Just three weeks after the – by all accounts, very successful – launch of the New Xbox Experience, Microsoft is ready to trumpet some statistics related to the new interface. To help us navigate this panoply of numbers, Microsoft lent us the services of one Mr. Aaron Greenberg, group product manager for Xbox 360, who served as our tour guide through the press release.
First, with 14 million folks suddenly using an entirely new interface designed to make content easier to find, you'd wonder how successful it is in that regard. Well, glad you asked! Microsoft reports that Marketplace downloads of TV episodes were up 30% and movie downloads an impressive 49% the week after the NXE launch. This is in spite of competition from Netflix's ample on-demand offerings in both areas. Wondering how many folks are using Netflix? Yeah, so were we ... Greenberg told us they're not providing that data just yet, but we wouldn't be surprised to hear them noting that as a success during next month's CES.
Post-NXE "the number of new friends added per Xbox LIVE member has risen by 33%" across both Gold and Silver Xbox Live memberships. Pre-NXE numbers put the average number of friends for a Gold subscriber at around 23 – but without data for both classes of membership, it's impossible to determine the new average (Silver members are likely to have far fewer friends). What's responsible for the uptick? Greenberg points to the party system, where Xbox Live members can see the people playing with their friends. Who's that stupid guy in the white suit playing with xXsmokezmadbluntz420Xx? Click on the party and find out.
If you somehow managed to skip the Avatar creation process, Greenberg says it's a "loophole" so we wouldn't expect you'll get away with your silhouette much longer. But when you do finally make an avatar, consider some of the Xbox Live Arcade games now featuring avatar support. NinjaBee's Avater-infused A Kingdom for Keflings managed to record the second-largest XBLA launch ever while UNO, which was updated to include Avatar support, saw a 650% sales spike "in just one day." Of course, we don't think the 2-1/2 year-old game was selling much at this point, but 650% is 650% so, kudos.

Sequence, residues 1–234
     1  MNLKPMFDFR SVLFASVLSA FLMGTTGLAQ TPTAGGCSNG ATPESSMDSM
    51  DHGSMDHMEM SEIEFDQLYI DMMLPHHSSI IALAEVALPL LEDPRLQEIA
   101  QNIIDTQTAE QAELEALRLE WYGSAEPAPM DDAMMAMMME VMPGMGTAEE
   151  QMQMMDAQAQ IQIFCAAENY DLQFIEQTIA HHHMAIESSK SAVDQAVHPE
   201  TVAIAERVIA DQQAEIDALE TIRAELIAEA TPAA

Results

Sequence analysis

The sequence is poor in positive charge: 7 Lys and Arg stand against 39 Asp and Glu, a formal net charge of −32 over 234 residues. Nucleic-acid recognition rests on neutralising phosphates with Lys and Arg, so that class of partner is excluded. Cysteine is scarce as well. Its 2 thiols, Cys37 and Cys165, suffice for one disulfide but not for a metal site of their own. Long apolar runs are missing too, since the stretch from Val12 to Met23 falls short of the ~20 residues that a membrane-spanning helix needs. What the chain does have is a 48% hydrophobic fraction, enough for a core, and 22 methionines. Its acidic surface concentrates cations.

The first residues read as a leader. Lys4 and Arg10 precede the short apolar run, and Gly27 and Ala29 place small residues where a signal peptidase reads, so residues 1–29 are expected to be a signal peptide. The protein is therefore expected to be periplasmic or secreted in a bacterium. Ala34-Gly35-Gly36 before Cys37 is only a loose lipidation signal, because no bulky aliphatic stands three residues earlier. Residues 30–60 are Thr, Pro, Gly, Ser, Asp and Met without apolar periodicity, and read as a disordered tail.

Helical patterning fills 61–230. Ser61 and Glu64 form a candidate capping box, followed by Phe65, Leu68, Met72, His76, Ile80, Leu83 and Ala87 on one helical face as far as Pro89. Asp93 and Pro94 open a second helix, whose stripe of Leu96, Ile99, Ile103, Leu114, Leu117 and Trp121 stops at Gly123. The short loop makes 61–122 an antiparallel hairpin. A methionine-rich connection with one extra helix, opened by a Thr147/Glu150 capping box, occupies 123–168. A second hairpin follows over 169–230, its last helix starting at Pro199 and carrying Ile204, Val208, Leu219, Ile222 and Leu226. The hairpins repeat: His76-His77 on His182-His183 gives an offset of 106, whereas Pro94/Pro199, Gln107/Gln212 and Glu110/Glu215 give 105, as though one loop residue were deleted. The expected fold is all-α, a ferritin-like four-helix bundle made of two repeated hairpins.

With the stats out of the way, it was time to ask what everyone's been wondering: At what point is the New Xbox Experience no longer new? And what, pray tell, will we call it then. Here at Joystiq, we're considering "Current Xbox Experience" as a worthy successor to the NXE – Greenberg says, surely jokingly, that he hadn't thought of it before. Sure you haven't, Aaron. Once the NXE starts making its way into newly manufactured Xboxen this Spring, as well as retail game discs in January, we expect to see even further penetration and then we'll bring up the NXE-dilemma again.
Greenberg wasn't ready to talk about new functionality or when it's coming – think Netflix sharing, Xbox Live Primetime, or new gear for your Avatar – but it's clear Microsoft considers the New Xbox Experience an early success. If you believe the stats, you're looking at more engagement, more social interaction, and more Marketplace sales,